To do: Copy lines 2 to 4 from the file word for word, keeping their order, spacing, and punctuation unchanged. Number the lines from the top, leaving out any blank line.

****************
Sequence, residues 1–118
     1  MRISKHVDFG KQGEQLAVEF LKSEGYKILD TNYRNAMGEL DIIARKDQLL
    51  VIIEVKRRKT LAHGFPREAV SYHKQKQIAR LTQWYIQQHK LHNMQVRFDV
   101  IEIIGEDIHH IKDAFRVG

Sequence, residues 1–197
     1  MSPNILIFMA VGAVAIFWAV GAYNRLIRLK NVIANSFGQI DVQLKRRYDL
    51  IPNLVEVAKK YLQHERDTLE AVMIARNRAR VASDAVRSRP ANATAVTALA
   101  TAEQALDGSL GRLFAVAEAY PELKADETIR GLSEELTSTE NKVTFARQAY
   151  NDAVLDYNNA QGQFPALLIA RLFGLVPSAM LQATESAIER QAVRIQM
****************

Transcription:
     1  MRISKHVDFG KQGEQLAVEF LKSEGYKILD TNYRNAMGEL DIIARKDQLL
    51  VIIEVKRRKT LAHGFPREAV SYHKQKQIAR LTQWYIQQHK LHNMQVRFDV
   101  IEIIGEDIHH IKDAFRVG